FOR IMMEDIATE RELEASE
Thursday, January 6, 2011
On Thursday, Family Council President Jerry Cox unveiled his group’s legislative agenda for the upcoming session of the Arkansas Legislature.
Cox told reporters, “We’ve assembled what we’re calling a ‘bill bank,’ and we’ve placed it on our website. It’s a free resource that lawmakers and voters alike can browse to see what legislation they like and what they want passed in Little Rock over the next few weeks.”
Cox said the legislation outlined in Family Council’s bill bank represents some of the ideal bills they hope legislators will consider sponsoring when they convene next week.
Cox also said while it may not be realistic for every bill on their list to be passed over the next 90 days, his goal is to create a resource for lawmakers to use.
“Even if only half of these bills are filed, it could make for one of our busiest sessions ever. There’s just a lot on this list. But when lawmakers are searching for positive legislation that will make Arkansas a better place to live and raise a family, we want them to turn to this as a tool they can use.”
Family Council’s website lists 11 different drafts of new lottery legislation; a dozen new pro-life bills; and a variety of other pieces of legislation ranging from taxes to religious freedoms. All in all, there are over 30 bills on the list.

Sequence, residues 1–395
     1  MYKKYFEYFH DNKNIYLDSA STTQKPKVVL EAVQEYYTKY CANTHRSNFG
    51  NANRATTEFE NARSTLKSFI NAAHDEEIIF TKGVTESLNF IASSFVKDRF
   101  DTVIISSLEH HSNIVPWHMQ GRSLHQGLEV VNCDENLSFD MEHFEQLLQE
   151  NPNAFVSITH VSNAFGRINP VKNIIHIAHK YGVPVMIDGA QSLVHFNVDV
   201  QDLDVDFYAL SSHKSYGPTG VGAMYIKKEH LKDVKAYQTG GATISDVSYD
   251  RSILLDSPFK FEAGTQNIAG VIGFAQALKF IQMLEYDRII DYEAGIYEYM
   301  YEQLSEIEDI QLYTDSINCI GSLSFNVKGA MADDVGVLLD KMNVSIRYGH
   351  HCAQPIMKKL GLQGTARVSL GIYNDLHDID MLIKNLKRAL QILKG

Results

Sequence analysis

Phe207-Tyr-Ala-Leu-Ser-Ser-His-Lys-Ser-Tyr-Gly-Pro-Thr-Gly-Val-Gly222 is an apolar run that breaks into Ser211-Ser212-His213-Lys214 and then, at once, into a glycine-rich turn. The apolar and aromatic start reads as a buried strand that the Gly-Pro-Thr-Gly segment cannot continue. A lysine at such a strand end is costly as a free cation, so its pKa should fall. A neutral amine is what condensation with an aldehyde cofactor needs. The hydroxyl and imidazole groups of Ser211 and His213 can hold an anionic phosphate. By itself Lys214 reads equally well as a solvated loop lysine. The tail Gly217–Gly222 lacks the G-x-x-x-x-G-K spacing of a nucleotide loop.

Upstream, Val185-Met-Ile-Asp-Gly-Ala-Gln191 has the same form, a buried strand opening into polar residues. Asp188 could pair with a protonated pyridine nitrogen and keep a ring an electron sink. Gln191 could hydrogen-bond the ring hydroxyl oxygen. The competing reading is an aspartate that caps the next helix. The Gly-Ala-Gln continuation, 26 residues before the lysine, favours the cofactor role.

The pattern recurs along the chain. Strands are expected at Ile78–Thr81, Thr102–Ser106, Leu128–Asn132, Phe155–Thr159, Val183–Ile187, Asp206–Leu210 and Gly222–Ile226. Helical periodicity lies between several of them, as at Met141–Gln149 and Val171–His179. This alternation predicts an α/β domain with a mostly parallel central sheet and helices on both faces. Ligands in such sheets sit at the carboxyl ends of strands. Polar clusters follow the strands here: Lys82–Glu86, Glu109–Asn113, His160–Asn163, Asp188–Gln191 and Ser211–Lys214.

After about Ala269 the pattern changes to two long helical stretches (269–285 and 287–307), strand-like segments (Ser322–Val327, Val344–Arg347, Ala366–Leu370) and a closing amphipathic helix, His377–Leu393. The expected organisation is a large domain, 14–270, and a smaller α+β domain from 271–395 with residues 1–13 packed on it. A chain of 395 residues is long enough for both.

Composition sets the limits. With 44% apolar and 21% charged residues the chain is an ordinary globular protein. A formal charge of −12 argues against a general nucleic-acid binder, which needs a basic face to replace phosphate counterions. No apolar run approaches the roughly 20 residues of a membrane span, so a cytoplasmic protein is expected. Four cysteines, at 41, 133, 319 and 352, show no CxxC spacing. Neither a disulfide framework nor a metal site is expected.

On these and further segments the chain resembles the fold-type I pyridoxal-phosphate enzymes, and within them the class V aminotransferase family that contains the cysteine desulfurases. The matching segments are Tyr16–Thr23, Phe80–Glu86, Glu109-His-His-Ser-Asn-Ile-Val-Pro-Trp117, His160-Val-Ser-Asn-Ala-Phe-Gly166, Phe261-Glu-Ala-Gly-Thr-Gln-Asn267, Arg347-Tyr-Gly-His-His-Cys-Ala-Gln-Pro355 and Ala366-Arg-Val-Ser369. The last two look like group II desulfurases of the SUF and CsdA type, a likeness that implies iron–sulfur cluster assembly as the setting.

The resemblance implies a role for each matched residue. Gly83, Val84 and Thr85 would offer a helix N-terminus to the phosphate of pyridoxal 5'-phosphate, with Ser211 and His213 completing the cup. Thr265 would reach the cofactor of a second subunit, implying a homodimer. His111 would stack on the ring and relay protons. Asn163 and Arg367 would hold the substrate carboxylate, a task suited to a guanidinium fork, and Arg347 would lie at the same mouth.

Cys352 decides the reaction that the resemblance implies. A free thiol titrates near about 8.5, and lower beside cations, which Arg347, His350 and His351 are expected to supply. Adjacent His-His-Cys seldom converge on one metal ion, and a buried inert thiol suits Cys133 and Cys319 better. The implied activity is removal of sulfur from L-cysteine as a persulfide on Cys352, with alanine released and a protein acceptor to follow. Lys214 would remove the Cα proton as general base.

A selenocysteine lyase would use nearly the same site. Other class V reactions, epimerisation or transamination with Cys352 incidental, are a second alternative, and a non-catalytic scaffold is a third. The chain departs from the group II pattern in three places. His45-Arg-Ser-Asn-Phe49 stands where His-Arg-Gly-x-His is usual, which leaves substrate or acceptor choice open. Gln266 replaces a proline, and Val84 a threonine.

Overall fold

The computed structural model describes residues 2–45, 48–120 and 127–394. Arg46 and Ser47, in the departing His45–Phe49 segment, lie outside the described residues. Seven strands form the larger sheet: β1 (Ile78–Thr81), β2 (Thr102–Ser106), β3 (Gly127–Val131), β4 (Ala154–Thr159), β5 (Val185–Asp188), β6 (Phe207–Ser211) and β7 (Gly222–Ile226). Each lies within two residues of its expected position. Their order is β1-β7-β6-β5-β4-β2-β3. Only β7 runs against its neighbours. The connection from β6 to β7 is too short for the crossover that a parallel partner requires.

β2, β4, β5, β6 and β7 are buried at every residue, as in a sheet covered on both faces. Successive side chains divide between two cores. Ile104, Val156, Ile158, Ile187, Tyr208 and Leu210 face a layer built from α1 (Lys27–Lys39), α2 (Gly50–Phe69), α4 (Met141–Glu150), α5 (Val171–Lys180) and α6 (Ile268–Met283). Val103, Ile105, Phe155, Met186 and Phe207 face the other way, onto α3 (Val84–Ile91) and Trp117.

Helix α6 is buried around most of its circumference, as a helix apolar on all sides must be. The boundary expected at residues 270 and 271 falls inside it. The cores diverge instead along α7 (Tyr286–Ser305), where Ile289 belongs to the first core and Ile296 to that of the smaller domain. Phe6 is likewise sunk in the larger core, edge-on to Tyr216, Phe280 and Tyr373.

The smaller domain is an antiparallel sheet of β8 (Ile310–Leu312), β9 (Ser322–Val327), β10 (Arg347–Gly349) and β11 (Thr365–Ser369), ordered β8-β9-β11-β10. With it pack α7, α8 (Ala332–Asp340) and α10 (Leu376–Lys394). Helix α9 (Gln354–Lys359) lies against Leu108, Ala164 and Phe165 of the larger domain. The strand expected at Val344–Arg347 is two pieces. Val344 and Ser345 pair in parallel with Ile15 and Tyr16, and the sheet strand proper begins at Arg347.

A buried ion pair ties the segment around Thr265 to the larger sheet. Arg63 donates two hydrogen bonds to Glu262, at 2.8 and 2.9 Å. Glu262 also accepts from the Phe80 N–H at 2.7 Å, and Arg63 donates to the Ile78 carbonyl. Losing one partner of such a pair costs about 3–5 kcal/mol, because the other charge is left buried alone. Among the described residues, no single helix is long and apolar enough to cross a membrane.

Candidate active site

“All of our new lottery regulations are fully-drafted and ready to go,” Cox said. “All they need are sponsors who will file them next week. Representative Altes pre-filed a couple of tax-break bills similar to some on our list, so we look forward to supporting and lobbying for his legislation when it comes up.
“To give you a snapshot of our bill bank, we have draft legislation that would require the Arkansas Lottery to allocate 35% of its revenue for college scholarships. We have a bill that would reallocate the Lottery’s advertising budget for additional scholarships. And we have a bill that bans lottery vending machines.
“We also have bills that raise the medical standards to which abortion clinics must adhere, ban domestic partnership registries like the one in Eureka Springs, reduce the sales tax on used cars, and require a countywide vote on the issuance of any private club liquor license in a dry county.”
When asked which bills were most important, Cox said, “The bills we really want to see sponsored and passed are the lottery and pro-life bills. Our Lottery Commission is absolutely out of control, and needs to be reined in—and that’s something I believe many lawmakers are ready to do. Also, there’s no reason for a state as pro-life as Arkansas to have such a high abortion rate. So we plan to focus a lot of our energy on those two areas.
“I think after the legislature convenes, we’re going to see a strong emphasis on reducing taxes, so getting some good, family-oriented tax breaks passed will be doable, and we look forward to being part of that. When it’s all said and done, though, every one of these bills is important to us, and that’s why we’re going to be working hard to find sponsors as soon as possible.”
Cox said his group plans to continue updating the information in their bill bank on a regular basis.